By Harshikaa Udasi | Opening Doorz Editorial | March 08, 2017 On Women’s Day, Opening Doorz celebrates a unique human who opens her doors to the slum children, educating them not only with […]
By Harshikaa Udasi | Opening Doorz Editorial | March 08, 2017
On Women’s Day, Opening Doorz celebrates a unique human who opens her doors to the slum children, educating them not only with books but also making them one with nature.
Harshikaa Udasi meets Nikita Pimpale who is just being human…
Tucked away in the bylanes of suburban Mumbai, right behind one of the ‘prestigious’ international schools, is Rishi Valmiki Eco School (RVES). Nothing fancy about it. Its ‘campus’ is an existing BMC school in Goregaon; just four rooms of the state-run educational institute, to be precise. But with a little bit of support, this ‘David’ is poised to give the ‘Goliaths’ a run for their money.
Started with just nine students in 2010, RVES now boasts of educating 440 children from the slums around the area within those walls right from Nursery to Grade VII. But if you’re expecting a run-of-the-mill educational institute that merely focuses on giving these poor kids a basic education, then banish that thought.
Thanks to a young determined lady named Nikita Pimpale, the founder and principal, this English medium state-board school has made a name for itself. Nikita personally chalks out the curriculum for her students and her focus is the environment. “We didn’t want to give them just bookish knowledge. We wanted them to explore the world around. That’s why we have created an environment-focused curriculum,” says the sprightly lady, who is an environmentalist too.
The seed was sown…
The story began with Prakash Pimpale, Nikita’s father, who runs the Dnyansadhana Education Society (DES) that manages a Marathi-medium school in Mumbai’s Malad area for the children of the fishermen community. “My father was a teacher in a school there. He realized that post grade VII, students would discontinue studies because the school didn’t have classes. The other school was across the creek and parents hesitated sending them there. While my father started appearing for administrative exams, he also urged the locals to pool funds and make rooms for educating their children further. When the sarpanch agreed, another school was made. This took years! By that time my father was managing 32 schools in Mumbai,” she says.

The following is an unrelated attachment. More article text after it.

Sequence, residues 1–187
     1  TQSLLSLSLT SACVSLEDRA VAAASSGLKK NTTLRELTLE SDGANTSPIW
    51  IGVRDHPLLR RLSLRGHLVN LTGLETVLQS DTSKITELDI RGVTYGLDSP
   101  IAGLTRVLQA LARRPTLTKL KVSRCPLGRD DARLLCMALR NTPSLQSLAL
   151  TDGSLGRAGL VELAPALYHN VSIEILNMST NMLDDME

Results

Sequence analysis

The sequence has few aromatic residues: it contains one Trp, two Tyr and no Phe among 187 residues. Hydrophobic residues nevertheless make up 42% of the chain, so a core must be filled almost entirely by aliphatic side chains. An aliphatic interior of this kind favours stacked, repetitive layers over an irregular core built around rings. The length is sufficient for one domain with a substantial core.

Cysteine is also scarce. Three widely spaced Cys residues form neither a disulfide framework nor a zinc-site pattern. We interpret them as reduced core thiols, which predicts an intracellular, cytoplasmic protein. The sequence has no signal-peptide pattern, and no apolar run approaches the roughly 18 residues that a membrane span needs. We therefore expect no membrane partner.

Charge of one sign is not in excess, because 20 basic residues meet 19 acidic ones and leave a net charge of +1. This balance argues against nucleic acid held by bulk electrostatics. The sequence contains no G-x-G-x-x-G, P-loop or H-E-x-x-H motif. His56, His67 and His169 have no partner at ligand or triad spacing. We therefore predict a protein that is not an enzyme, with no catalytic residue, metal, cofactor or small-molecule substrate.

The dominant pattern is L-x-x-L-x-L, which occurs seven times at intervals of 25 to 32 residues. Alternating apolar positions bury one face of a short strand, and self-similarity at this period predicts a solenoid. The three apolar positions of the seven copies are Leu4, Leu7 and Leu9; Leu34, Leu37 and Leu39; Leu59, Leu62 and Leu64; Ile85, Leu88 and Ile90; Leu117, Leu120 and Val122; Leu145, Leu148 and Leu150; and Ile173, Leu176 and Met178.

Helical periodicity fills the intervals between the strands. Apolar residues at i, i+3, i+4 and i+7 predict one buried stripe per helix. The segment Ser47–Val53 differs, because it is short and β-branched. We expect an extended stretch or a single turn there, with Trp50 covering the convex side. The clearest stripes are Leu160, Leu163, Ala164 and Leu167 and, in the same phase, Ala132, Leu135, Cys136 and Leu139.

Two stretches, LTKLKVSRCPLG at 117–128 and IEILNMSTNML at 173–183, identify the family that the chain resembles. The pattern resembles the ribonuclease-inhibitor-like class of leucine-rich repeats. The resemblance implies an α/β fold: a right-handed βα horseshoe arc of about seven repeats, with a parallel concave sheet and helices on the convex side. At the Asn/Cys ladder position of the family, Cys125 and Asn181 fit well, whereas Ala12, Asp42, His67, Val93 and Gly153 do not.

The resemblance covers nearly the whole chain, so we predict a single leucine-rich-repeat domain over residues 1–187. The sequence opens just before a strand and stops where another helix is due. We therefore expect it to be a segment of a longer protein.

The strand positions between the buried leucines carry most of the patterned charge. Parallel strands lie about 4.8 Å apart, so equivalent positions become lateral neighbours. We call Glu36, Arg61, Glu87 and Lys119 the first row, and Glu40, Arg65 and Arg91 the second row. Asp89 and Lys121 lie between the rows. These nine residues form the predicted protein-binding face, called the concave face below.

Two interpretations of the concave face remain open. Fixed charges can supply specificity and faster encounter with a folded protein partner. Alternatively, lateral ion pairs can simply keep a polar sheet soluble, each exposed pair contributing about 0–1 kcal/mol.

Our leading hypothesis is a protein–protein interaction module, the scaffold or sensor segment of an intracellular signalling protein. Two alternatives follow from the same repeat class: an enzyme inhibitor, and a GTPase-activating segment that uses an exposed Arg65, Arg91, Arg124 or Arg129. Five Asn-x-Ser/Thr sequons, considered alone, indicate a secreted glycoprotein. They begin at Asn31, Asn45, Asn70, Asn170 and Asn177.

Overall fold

Prakash Pimpale’s DES spurred Nikita to pursue a career as an educationist. In 2010, father and daughter galvanized resources once again to seek space in BMC schools for educating children. “How I wish we had managed to book more rooms right then. I wasn’t sure of what the response would be like and in any case, we didn’t have the funds to book more!” says Nikita, as she laments the lack of space seven years later. RVES runs its school right up to 7 pm to accommodate all its children. The teachers and the principal work almost round-the-clock.
Nikita believes in story-based learning for her children. So even though her school follows the Maharashtra state board syllabus, she has personally designed special teaching methods for each lesson in every subject. “Every lesson including Geography and Science has stories, poems or drama to make learning not just enjoyable but also effective. For higher grades, along with stories and drama, subjects have been made interesting by adding practical activities and information that may not be there in the book. What we also do besides this is give our lessons a sensitive touch to help our children develop an emotional quotient and make them good human beings,” says Nikita.
While the rest of the schools are busy celebrating Fashion Shows and Valentine’s Day, RVES enthusiastically celebrates Tiger Day, Honeybee Day, Elephant Day and Snake Day! In fact, every alternate year, they host a Wildlife Fest—Tales From the Wild under which they conduct an intensive training programme for their children. In 2013-14, they studied 70 Birds Of Mumbai. In 2015-16, the project was on Mammals Of India. They studied mammals for six months intensively. That included types of mammals, their habitat, their food habits, their challenges and even their mating procedures. “We have external educators come in to guide our children and conduct workshops. Post those six months, children prepare skits and awareness programmes about what they have learnt. For instance, last year we had three special projects handled by our children: Blocked Migration Route of Asian Elephants, Ganges River Dolphins in Crisis and Leopard-Man Conflicts,” says Nikita, beaming.
You too can help the school with…
Music System/ Musical Instruments
Notably, RVES had been invited the by State Forest Department for their contingent at the State Republic Day Parade 2015. Its kids have been winning the first prize for their plays at the Sanctuary Kids For Tigers Wildlife Festival for three consecutive years! Besides they were also part of the Silent Rally 2014 held at the Sanjay Gandhi National Park to curb noise pollution.
As her kids gather outside the campus to bird-watch as part of the Campus Bird Count as a sub-event for the Great Backyard Bird Count, they excitedly tell her about having seen a Spotted Blyth’s Reed Warbler, a Coppersmith Barbet, a Tailorbird, a male and female Fantail Flycatcher and a male Purple-rumped Sunbird in just 15 minutes! As I look astonished, that look on her face is indescribable.
(Harshikaa Udasi has worked with top publications across the country for the last 15 years. When not busy with her journalistic pursuits, she runs a book reading club for children called Book Trotters Club. Besides these full-time pursuits, she enjoys observing the two main circuses of our country—Bollywood and politics.)
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